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About the Scientist

Edgar William Richard Steacie

Edgar William Richard Steacie
E.W.R. Steacie

Dr. Steacie was born in Montréal on Christmas Day in 1900 and received his early education there. Following a year at the Royal Military College in Kingston, he studied chemical engineering at McGill University and received his B.Sc. degree in 1923. He then enrolled in the graduate school to work in physical chemistry. Having achieved his Ph.D. in 1926, he continued as a lecturer at McGill and, shortly after, started the research in chemical kinetics that became his lifelong major scientific interest. In 1939, he joined the National Research Council (NRC) as Director of the Division of Chemistry.

For a period during World War II, Dr. Steacie was second-in-command to Sir John Cockcroft at the British-Canadian Atomic Energy Project in Montréal, in addition to being Director of NRC's Chemistry Division. After the war, he resumed his research and quickly established his laboratory as one of the leading centres in the world for the study of chemical kinetics. It was at this time that he devised the imaginative program of NRC postdoctoral fellowships which contributed so greatly to the vitality of the NRC laboratories. In 1950, Dr. Steacie became Vice-President (Scientific) of the National Research Council and, in 1952, its President. His role as President of the National Research Council brought increasing involvement in the international aspects of science and culminated, in 1961, in his election as President of the International Council of Scientific Unions.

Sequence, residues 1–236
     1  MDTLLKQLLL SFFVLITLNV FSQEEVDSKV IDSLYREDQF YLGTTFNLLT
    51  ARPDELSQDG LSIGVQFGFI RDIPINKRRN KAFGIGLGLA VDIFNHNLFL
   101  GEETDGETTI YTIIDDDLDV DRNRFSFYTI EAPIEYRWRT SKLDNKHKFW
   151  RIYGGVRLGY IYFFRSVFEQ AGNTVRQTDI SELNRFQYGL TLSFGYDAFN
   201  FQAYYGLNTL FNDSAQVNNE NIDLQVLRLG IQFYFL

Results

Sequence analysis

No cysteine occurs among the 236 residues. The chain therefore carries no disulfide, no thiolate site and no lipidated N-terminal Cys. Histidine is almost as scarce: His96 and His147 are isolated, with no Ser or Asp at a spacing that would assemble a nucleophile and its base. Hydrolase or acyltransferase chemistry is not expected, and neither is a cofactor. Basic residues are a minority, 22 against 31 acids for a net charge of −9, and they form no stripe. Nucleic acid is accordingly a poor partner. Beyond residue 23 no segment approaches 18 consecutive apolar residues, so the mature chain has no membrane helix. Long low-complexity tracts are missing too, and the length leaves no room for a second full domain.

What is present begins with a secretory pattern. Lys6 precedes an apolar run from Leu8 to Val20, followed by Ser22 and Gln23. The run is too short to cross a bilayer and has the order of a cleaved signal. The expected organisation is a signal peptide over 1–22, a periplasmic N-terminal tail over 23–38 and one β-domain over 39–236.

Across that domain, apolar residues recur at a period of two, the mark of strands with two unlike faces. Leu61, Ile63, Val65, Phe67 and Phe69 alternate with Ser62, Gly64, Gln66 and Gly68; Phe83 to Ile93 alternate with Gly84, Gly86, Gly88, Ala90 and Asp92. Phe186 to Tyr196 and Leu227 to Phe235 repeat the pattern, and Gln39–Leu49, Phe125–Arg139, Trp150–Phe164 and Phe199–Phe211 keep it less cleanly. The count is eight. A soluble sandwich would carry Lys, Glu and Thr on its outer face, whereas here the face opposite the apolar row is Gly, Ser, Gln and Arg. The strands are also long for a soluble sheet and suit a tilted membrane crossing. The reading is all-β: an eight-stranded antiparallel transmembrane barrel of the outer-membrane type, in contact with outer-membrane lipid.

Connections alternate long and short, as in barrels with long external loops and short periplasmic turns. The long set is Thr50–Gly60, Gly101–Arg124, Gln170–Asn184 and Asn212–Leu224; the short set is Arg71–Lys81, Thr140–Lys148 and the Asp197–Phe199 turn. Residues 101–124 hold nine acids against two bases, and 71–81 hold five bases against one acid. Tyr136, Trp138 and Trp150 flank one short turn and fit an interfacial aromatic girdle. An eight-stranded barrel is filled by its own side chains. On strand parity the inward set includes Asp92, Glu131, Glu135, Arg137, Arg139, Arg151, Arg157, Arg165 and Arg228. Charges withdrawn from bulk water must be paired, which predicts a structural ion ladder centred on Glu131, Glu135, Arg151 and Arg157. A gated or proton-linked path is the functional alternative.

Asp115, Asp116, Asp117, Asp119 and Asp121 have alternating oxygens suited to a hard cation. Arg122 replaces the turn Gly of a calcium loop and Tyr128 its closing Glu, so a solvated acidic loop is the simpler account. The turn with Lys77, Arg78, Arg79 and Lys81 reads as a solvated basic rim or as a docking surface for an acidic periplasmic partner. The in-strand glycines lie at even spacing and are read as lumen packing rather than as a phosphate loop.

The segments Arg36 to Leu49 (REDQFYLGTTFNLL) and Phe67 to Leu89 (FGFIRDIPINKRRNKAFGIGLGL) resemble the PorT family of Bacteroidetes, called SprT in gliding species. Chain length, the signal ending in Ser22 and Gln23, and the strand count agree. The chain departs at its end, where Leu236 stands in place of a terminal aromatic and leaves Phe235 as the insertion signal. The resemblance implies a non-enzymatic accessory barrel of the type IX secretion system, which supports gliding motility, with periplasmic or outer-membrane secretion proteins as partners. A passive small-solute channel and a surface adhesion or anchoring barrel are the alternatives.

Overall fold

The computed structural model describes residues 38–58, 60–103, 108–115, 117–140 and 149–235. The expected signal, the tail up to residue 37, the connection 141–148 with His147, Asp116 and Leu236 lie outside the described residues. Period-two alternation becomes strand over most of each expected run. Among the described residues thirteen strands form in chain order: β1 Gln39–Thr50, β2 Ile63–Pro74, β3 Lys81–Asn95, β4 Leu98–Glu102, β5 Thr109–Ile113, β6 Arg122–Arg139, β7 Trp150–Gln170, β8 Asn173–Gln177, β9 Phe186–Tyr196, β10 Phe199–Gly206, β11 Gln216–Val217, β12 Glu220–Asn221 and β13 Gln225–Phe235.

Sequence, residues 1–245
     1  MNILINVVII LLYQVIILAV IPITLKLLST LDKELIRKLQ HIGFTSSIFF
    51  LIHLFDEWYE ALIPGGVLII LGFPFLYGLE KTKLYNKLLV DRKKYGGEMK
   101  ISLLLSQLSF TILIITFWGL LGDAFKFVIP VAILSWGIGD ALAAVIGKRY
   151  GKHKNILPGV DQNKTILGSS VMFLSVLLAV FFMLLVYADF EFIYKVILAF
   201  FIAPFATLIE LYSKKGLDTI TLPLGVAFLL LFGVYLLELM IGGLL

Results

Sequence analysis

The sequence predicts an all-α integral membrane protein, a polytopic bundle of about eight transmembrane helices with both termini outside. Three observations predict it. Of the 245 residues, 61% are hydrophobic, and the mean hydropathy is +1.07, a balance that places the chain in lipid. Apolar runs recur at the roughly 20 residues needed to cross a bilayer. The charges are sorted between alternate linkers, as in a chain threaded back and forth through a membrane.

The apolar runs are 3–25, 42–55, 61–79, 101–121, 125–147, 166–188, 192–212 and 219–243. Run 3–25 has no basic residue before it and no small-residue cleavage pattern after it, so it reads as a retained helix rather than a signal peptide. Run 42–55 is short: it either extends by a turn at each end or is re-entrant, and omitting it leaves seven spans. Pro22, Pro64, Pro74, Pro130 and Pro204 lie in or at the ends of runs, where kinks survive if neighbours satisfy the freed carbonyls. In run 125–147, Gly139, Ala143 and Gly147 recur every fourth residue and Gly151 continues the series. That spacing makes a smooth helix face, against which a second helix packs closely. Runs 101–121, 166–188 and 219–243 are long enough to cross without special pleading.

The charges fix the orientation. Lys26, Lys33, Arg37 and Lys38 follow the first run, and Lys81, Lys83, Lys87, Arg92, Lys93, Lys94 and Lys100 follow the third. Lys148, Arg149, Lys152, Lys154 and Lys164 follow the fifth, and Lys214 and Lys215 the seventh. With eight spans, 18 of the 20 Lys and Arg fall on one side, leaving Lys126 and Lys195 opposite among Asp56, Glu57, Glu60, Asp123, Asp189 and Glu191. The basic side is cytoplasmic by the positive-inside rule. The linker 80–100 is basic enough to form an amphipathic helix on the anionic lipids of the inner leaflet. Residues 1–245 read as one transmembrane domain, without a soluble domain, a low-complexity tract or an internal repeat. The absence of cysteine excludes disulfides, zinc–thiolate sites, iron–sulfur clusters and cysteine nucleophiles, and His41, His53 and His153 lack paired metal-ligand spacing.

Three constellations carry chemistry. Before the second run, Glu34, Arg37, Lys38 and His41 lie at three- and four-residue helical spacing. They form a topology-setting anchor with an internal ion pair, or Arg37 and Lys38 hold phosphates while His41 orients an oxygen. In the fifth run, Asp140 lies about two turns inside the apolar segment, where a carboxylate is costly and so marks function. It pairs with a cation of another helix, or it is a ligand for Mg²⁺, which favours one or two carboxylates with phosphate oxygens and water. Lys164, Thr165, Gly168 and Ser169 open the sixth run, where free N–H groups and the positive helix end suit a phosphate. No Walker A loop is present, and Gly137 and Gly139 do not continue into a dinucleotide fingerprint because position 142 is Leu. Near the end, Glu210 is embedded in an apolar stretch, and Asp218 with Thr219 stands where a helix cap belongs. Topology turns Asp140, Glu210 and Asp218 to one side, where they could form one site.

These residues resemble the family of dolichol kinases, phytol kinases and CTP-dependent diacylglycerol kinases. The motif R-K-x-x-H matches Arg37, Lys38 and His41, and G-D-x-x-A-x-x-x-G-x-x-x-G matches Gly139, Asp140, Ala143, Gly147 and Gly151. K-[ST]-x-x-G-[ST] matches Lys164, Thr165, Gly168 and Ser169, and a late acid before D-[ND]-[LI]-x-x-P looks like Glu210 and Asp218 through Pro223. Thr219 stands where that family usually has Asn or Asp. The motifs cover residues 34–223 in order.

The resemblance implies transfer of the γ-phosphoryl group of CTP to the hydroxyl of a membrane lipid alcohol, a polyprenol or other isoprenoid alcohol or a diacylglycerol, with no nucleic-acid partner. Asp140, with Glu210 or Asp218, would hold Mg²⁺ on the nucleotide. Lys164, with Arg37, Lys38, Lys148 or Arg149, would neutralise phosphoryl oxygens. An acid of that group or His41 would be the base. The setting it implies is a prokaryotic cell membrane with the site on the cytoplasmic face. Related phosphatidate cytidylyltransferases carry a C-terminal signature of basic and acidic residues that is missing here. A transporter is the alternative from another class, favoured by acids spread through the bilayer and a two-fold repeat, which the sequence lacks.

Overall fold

Over the course of his career, Dr. Steacie received numerous honours, including honorary degrees from many universities in Canada and abroad. He was a Fellow of the Royal Society of Canada, a Fellow of the Royal Society of London, a Foreign Associate of the National Academy of Sciences of the United States, a Foreign Member of the Academy of Sciences of the U.S.S.R. and an Honorary Fellow of the Polish Chemical Society and the Belgian Chemical Society. He also served terms as President of the Royal Society of Canada, the Chemical Institute of Canada and the Faraday Society.